You may be surprised to learn that there is a world of competitive yearbook – complete with conferences, rivals, and just like in the dog show world a coveted “Best of Show” trophy. I tell you this because I live in this world and I love it. So it only makes sense that I’ve borrowed some of my favorite rules from competitive yearbooking (a.k.a. Solid Journalism Principles) and applied them to scrapbooking.
Some scrappers fall into a pattern in their journaling. They describe what is happening in their photos and identify all the people in the photos. This is great on the surface, but how about providing a little bit more to the story? Making the journaling more meaningful for a time when, maybe, you aren’t sitting there available to provide extra facts.
One of the easiest ways to improve your writing is to follow the rule of applying “Figure, Fact, and Feeling” to everything you write.
Let’s break it down:
A figure is a number. This could be an obvious number such as four, thirty or 365. It could also be an implied number such as: many, a ton, or infinite.
A fact is something that you can’t tell by looking at the picture. It’s that little something extra that makes the story meaningful. It could be the name of the mall AND the stores where you went shopping to buy that cute outfit, the number of side dishes served at the celebratory meal (Two birds with one stone! Put the figure in the fact!), or it could be the explanation of the inside joke leading up to everyone caught in those face-splitting laughs. Which leads me to…
The feeling is an emotion word. Moving beyond, “good,” “nice,” and “liked it, a lot.” Try to capture the true emotion of the situation, transporting the viewer/reader to the moment that was caught by the camera.
Here’s an example from one of my latest scrapping sessions, it was late, and I was doing a marathon session to get caught up.
I was journaling about a pair of pants I’d bought myself. (Note: I write my captions/journaling for my kids to read at a future date and since my daughter currently calls me “Mommy” that’s how I identify myself. I’ll have a future post on “Creating a Time Capsule of NOW” for further explanations behind this choice.)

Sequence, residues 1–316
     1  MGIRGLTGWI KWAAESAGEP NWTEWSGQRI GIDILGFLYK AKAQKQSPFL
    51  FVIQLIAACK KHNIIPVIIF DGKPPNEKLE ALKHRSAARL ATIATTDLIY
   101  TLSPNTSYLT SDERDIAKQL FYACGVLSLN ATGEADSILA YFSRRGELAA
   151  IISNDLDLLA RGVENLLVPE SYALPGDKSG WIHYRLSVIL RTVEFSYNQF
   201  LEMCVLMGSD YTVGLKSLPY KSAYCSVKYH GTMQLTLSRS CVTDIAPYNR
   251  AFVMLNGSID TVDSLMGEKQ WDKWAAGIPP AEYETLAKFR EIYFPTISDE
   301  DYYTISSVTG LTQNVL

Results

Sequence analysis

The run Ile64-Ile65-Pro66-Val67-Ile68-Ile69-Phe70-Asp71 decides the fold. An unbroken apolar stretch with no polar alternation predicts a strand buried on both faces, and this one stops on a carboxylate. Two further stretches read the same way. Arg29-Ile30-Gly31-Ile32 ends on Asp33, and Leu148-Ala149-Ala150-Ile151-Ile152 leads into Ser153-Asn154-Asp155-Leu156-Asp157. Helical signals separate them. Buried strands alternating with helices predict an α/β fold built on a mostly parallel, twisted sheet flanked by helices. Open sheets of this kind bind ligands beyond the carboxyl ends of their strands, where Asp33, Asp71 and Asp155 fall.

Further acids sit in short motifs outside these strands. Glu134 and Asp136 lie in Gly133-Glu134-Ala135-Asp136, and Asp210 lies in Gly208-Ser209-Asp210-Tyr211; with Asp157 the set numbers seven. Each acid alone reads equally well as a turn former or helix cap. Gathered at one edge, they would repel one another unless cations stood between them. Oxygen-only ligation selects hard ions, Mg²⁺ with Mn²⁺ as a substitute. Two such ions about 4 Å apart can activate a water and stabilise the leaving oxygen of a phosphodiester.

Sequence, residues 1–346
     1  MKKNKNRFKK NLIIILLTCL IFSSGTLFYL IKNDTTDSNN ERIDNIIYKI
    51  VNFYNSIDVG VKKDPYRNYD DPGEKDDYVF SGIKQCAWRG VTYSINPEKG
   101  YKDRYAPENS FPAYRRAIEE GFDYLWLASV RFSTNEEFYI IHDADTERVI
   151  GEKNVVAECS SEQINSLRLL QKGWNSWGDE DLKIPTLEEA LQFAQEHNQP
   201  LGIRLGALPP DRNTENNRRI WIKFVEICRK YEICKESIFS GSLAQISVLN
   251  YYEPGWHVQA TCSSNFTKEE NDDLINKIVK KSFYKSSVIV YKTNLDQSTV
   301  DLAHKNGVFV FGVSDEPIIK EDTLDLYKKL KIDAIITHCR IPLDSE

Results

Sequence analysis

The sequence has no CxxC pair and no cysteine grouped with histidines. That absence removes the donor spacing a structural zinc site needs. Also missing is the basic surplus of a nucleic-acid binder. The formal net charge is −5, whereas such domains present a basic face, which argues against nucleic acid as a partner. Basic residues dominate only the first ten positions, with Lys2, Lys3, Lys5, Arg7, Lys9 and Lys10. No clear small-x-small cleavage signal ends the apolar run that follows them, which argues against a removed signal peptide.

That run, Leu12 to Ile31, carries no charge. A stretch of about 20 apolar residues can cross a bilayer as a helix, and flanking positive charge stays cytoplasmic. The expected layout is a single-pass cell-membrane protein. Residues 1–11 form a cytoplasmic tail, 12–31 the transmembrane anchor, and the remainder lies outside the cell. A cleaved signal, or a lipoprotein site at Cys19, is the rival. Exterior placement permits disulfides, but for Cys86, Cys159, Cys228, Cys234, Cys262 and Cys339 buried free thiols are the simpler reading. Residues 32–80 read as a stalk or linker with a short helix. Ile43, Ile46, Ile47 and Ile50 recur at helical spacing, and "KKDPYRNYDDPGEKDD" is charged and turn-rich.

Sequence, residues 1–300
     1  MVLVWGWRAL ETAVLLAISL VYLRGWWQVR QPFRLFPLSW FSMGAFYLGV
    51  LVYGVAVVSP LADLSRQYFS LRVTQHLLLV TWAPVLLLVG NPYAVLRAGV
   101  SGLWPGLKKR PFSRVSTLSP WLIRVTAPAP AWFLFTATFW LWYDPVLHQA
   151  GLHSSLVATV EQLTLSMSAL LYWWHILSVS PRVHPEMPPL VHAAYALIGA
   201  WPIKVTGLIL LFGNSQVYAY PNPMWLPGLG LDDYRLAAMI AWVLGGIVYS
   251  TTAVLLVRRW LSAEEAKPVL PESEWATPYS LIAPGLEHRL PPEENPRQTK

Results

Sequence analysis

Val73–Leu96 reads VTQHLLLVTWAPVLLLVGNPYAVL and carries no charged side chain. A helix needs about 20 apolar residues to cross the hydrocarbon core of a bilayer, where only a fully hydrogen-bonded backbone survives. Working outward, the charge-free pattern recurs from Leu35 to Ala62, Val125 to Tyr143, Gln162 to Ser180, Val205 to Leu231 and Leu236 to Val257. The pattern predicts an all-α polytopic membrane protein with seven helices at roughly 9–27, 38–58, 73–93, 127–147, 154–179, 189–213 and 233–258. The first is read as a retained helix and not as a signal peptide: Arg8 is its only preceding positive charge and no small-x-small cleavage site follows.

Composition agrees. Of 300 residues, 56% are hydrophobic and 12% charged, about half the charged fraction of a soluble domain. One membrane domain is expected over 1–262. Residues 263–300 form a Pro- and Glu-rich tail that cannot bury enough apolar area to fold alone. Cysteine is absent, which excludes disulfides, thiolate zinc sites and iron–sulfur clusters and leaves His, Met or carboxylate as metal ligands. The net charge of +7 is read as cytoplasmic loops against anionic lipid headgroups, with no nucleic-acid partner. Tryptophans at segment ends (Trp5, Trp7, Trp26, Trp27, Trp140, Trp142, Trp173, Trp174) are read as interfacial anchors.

Mommy bought herself a new pair of pants at REI. She thinks they are super comfy and plans to wear them the rest of Winter Break.
When the page was almost complete I went back and revisited the quick caption and applied the rule of: “Figure, Fact and Feeling” to it.
Here’s the new and improved version:
Mommy bought some $89 pants at REI. Her first pair of LUCY pants! She was thrilled that they 1) fit and 2) are COMFY!
Figure: $89 (also a fact since you can’t tell the price by looking at the picture)
Fact: They were my first pair of LUCY brand pants.
Feeling: I was *thrilled* that they fit and were comfy.
It may seem like little changes now, but they have big payoffs in the future. Especially 20 years from now when my memory about the events on my current pages aren’t nearly as clear. Or when prices are dramatically different!
The advice I’m trying to share is: journaling doesn’t have to mean long stories, but the words on the page should be meaningful. Try adding a “Figure, Fact and Feeling” just one time a week and you’ll see your journaling instantly improve. Who knows, maybe it’ll even become a habit!
About the Author:Laura Zhu advises the Jamboree Yearbook in Northern California. Mrs. Zhu’s yearbook students have earned several state and national awards. Laura is passionate about following rules, knowing when to break them, and documenting each week of her family’s escapades.